The report stated that by spending much of their flight inside the atmosphere, hypersonic boost-glide missiles would have an advantage over ballistic missiles in surviving midcourse ballistic missile defense systems, which aim to intercept ballistic missiles in the middle of flight while high above the atmosphere on a predictable and detectable path.
That potential advantage for hypersonic boost-glide missiles might become important if a potential U.S. adversary developed midcourse ballistic missile defenses that operated outside the atmosphere and that were effective against countermeasures such as decoys to fool interceptor missiles, the report said.
Against shorter-range missiles, the advantage is less clear, the report stated.
The report found a limited number of scenarios where hypersonic missiles were distinctly useful over ballistic missiles, noting the procurement cost of hypersonic missiles is roughly one-third greater than the cost of ballistic missiles of the same range with maneuverable warheads. The report estimated that acquiring 300 ground-or-sea launched ballistic missiles over 20 years would cost $13.4 billion, compared to $17.9 billion for comparable hypersonic missiles.
The Defense Department is taking a phased approach to hypersonic technology and has spent more than $8 billion since 2019 on programs to develop hypersonic missiles, the report stated. Programs have included separate efforts by the Army, Navy, and Air Force, collaborations among DARPA, the Air Force and the Navy and various research programs for missile components.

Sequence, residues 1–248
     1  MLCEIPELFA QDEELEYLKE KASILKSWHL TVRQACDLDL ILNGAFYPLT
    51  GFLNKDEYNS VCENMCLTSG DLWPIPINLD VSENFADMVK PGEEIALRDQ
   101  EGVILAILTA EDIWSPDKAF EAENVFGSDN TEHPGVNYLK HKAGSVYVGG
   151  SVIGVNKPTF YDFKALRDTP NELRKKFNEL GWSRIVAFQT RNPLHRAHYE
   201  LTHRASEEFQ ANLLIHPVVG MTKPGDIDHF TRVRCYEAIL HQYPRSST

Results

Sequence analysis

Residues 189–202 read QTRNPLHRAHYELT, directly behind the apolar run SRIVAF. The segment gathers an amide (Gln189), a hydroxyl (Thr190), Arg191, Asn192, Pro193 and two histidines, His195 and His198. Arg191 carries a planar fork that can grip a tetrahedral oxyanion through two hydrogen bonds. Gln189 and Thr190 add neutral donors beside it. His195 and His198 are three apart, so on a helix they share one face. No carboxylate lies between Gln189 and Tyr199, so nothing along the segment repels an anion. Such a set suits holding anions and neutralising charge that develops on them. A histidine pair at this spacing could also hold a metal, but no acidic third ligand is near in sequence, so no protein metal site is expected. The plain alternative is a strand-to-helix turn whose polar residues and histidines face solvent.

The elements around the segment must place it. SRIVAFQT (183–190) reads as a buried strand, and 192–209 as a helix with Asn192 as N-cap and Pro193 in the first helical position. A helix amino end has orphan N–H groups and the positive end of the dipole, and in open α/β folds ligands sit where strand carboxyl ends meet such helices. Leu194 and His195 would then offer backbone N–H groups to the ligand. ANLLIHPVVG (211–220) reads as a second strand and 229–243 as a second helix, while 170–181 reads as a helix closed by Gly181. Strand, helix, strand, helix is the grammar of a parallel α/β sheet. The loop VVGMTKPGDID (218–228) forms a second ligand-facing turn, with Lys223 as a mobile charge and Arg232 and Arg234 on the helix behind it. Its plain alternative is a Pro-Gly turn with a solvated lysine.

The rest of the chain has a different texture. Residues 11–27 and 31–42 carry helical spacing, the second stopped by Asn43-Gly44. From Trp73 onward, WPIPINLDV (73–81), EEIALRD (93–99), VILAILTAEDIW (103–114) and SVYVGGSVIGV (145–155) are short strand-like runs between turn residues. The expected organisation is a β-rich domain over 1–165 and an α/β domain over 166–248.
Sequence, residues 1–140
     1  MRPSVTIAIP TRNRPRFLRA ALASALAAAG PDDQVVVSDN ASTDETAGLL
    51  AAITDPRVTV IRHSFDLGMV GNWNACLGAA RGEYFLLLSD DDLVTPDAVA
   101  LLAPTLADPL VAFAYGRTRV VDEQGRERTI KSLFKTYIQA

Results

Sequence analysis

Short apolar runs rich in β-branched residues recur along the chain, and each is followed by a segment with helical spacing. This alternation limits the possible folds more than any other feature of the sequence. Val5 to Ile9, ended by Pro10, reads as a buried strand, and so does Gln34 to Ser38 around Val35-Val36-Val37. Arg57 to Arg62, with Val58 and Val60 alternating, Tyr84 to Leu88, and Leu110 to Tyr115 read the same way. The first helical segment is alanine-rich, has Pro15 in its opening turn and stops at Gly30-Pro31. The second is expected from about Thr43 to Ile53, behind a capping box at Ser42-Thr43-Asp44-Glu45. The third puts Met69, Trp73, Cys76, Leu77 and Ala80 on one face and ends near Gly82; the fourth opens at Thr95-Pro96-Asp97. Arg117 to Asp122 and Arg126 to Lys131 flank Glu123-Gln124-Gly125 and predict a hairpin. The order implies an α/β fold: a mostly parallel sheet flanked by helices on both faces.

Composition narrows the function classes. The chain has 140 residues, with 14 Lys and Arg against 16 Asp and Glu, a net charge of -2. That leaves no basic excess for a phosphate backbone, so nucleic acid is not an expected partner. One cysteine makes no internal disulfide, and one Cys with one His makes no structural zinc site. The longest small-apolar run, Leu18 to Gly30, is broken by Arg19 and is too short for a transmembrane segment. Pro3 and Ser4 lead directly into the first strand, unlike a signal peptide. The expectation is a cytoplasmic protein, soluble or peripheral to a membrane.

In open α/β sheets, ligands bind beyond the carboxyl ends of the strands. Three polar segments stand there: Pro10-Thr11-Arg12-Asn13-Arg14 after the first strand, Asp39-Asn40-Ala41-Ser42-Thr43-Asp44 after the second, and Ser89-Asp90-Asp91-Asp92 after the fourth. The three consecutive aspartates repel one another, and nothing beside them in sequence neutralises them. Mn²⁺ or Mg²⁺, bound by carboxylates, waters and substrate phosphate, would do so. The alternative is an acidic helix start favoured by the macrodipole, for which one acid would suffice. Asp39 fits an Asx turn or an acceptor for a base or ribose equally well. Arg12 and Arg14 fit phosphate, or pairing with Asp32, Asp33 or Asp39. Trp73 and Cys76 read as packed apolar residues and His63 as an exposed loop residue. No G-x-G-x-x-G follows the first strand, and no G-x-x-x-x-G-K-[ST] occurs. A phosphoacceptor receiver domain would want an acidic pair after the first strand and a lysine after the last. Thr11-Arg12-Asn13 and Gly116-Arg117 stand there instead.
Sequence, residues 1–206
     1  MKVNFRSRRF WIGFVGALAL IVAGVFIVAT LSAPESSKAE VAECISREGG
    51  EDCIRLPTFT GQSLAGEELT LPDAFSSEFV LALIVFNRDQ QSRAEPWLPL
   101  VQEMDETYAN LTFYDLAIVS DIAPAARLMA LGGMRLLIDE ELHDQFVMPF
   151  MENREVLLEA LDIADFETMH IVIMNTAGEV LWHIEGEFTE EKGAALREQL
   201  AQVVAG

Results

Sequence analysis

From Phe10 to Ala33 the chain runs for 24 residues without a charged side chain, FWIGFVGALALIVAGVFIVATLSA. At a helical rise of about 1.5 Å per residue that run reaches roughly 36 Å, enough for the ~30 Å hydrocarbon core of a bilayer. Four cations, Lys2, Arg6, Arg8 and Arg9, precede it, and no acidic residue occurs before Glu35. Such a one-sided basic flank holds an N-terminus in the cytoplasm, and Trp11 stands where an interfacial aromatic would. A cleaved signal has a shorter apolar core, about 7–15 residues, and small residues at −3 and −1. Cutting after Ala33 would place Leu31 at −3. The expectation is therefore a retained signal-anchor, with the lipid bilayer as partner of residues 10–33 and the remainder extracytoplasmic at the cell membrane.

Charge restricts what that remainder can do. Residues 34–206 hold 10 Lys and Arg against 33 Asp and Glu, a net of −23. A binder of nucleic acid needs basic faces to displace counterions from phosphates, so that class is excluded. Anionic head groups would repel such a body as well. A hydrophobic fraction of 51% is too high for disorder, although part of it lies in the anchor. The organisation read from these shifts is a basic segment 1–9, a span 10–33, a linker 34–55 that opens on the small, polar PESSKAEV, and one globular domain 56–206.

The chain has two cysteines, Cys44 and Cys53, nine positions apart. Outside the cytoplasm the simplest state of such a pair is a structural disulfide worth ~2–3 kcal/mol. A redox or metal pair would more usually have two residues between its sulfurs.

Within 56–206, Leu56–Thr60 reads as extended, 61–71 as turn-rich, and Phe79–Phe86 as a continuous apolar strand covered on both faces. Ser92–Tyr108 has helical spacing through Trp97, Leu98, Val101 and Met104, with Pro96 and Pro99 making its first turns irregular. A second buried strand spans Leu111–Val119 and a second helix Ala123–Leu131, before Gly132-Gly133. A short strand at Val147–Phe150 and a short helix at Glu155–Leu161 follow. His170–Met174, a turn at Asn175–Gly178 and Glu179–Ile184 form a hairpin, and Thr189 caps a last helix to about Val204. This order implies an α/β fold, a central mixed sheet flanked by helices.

Given the cost, the report suggested hypersonic weapons’ usefulness to be “niche” when compared to the capabilities of ballistic missiles, mainly useful to address threats that were both well-defended and extremely time-sensitive.
Hypersonic missiles also have an advantage against systems designed specifically to intercept ballistic missiles, the report found.
“Indeed, a main reason that China and Russia have been developing hypersonic weapons is a desire to defeat the United States’ comparatively advanced ballistic missile defense capabilities,” the report read.
Realizing the full potential of hypersonic weapons hinges on the success of future research and development, the report concluded.
Topics: Strategic Weapons
Another serious disadvantage of both hypersonic and ballistic missiles is one of their characteristics generally given as an advantage---short flight time. With a short attack time window comes the ability of defenses to put up heavy countermeasures for short periods of time, such as dense clouds of metallic powder laden smoke, a countermeasure a century old, that hides the targets, and billions of dollars worth of strike weapons that the strategy is hinged upon, splash harmlessly in to the sea. But lots of industrialists will make money by the bucket, politicians will get re-elected or appointed to higher positions, and the professionals will advance their careers.SSQ-II at 3:15 PM